Articles filed under Impact on Birds from USA

Study predicts bird deaths at wind farms

It can be difficult to know exactly how many bird deaths a proposed wind farm may cause while it’s still under review, New said. The only way to know for sure is to build it and observe it, she said. But by then, it’s unlikely that the problem will be fixed. “You’re not going to take it down and move it if you’ve built it in the wrong place,” New said.
3 Aug 2015

Turbine decision creating turmoil

A trio of conservation groups, including Nature Canada, Ontario Nature, and American Bird Conservancy, have joined Mayor Robert Quaiff in lambasting the Ministry of Environment and Climate Change (MOECC) decision to approve the White Pines Prince Edward County Wind Energy Project in an internationally designated Important Bird Area (IBA). ...“These are not just Ontario’s birds.”
23 Jul 2015

Power line work halted after concern raised over protected birds

Abbie Church, conservation director for the conservancy, said she was driving in the area of the grasslands last month when she saw construction crews working and power poles already up. The conservancy had worked to negotiate a restriction on construction activities during the nesting season when it agreed to an easement for the power line project. Nesting generally takes place from April through July.
6 Jul 2015

Another reason to just say “No”

Much of the scenic beauty for which Maine is so widely known will be despoiled. The stated 2,700-Megawatt goal of Maine’s Wind Energy Act would require as many as 1,500 wind turbines, each hundreds of feet tall, with accompanying access roads and new transmission lines, on up to 300 miles of Maine’s hills and mountains. Those transmission lines, to carry the electricity that could be provided by a single, high-quality conventional generator, will add billions of dollars to New England electric bills.
4 Jul 2015

Duke Energy: Looking for Payback

“Duncan’s wholesale attack on birds came out of the blue,” says David Yarnold, Audubon president and CEO. “Based on our sources and the documents we’ve seen, we see this as straight-up corporate payback. Duke has a history of stumbling into controversy, and it appears they’ve done it again.”
26 Jun 2015

Flying blind: Impact of wind turbines on birds poses more questions than answers

East Bay Regional Park District wildlife manager Doug Bell has spent many a day out on these dusty dirt roads over the past 10 years and says what he's seen is troubling. Once one of the world's most densely populated areas for golden eagles, the Altamont has become a "population sink" for the protected raptors. Eagles fly in, and too often, they don't fly out. ...The nearly 5,000 energy-generating turbines there kill birds, and the wind industry should be better regulated.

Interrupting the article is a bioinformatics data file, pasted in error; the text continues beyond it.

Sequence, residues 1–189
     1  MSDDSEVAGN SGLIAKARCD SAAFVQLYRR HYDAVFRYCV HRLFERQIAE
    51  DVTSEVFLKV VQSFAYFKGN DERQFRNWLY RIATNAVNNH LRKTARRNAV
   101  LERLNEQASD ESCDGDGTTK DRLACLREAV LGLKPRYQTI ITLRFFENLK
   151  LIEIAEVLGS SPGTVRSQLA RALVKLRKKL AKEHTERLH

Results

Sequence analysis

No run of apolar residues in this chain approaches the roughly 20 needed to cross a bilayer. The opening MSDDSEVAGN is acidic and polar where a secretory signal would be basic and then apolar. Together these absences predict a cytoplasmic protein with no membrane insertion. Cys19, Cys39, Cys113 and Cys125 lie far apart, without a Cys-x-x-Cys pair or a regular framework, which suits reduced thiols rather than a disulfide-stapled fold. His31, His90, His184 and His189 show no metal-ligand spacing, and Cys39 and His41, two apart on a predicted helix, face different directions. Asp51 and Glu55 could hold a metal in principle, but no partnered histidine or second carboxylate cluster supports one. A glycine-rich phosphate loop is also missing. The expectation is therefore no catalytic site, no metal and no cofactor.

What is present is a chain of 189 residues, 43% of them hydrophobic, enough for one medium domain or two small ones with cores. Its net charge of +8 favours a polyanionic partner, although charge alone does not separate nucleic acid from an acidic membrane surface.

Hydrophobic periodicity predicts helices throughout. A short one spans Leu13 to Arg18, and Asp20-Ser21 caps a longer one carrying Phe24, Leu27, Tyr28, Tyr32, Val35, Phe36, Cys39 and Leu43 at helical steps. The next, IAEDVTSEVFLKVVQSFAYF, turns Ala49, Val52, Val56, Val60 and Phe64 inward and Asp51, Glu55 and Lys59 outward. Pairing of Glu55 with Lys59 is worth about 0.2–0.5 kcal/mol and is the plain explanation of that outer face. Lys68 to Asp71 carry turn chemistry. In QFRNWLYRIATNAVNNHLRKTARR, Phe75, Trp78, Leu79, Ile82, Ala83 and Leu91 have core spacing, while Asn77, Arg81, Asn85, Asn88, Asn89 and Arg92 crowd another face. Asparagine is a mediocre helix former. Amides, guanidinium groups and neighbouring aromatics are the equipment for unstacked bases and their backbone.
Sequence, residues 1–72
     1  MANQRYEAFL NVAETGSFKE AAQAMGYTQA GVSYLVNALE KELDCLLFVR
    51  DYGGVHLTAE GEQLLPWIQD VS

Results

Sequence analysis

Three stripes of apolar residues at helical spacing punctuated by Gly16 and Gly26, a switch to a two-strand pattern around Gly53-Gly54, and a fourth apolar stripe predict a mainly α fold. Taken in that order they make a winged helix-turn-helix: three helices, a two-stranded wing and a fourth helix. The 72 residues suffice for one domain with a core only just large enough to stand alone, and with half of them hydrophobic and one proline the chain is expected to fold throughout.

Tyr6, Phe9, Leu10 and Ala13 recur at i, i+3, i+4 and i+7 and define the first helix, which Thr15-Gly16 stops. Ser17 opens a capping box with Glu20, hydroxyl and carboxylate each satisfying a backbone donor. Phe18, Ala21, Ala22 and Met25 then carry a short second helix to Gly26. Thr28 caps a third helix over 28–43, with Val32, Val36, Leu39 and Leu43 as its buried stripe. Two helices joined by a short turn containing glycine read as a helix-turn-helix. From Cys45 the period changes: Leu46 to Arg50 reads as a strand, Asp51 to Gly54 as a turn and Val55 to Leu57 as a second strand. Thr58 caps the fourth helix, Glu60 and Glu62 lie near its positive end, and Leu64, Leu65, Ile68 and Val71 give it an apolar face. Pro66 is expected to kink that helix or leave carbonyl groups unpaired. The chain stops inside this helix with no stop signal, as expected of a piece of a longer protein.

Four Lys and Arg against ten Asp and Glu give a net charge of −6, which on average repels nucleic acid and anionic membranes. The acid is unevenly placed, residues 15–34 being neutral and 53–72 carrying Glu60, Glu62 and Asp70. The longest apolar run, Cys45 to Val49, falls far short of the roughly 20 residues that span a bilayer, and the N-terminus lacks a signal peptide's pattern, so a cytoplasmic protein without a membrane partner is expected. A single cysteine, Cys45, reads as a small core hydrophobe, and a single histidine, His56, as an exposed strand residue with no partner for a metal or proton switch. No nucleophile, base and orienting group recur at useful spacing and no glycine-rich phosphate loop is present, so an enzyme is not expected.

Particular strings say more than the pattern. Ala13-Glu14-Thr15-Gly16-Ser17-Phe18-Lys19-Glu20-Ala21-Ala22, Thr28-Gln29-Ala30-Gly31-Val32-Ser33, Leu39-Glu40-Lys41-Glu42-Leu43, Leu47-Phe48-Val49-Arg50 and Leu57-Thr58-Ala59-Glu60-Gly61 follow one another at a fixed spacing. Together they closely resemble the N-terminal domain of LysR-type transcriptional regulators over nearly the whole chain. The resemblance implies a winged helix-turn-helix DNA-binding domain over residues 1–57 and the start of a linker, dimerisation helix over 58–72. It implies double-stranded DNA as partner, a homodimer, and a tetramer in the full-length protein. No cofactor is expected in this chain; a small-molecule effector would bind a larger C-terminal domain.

6 Jun 2015

Flying blind: Impact of wind turbines on birds poses more questions than answers

East Bay Regional Park District wildlife manager Doug Bell has spent many a day out on these dusty dirt roads over the past 10 years and says what he's seen is troubling. Once one of the world's most densely populated areas for golden eagles, the Altamont has become a "population sink" for the protected raptors. Eagles fly in, and too often, they don't fly out. ...The nearly 5,000 energy-generating turbines there kill birds, and the wind industry should be better regulated. 
6 Jun 2015

To save birds, change rules on wind turbines

A new report last month from the U.S. Fish and Wildlife Service calls into question the wind industry’s assertion that birds fly well above wind turbines’ rotor blades. Using radar, researchers examined fall migration at two locations in Michigan. They found that the greatest density of birds and bats migrating at night occurred from 300 to 500 feet above ground. That’s almost directly at hub height for the new generation of giant turbines.
5 Jun 2015

New wine in an old bottle? Inside the Feds' MBTA incidental take proposal

Authorization for incidental bird mortality might prove more valuable than a vague allusion to prosecutorial discretion for project financing and other purposes, but individual permits for eagle take have proved slow and cumbersome. MBTA permitting could apply much more broadly, making it imperative to avoid a repeat of the eagle permitting experience.
26 May 2015

30,000 wind turbines located in critical bird habitats

An analysis by the American Bird Conservancy (ABC) shows that more than 30,000 turbines overlap with federally protected bird habitat, including 24,000 in the migratory corridor of the whooping crane and 3,000 in breeding grounds of the endangered Greater Sage-Grouse. More than 50,000 additional turbines are planned for construction, the group said.
22 May 2015

http://www.windaction.org/posts?location=USA&p=10&topic=Impact+on+Birds&type=Article
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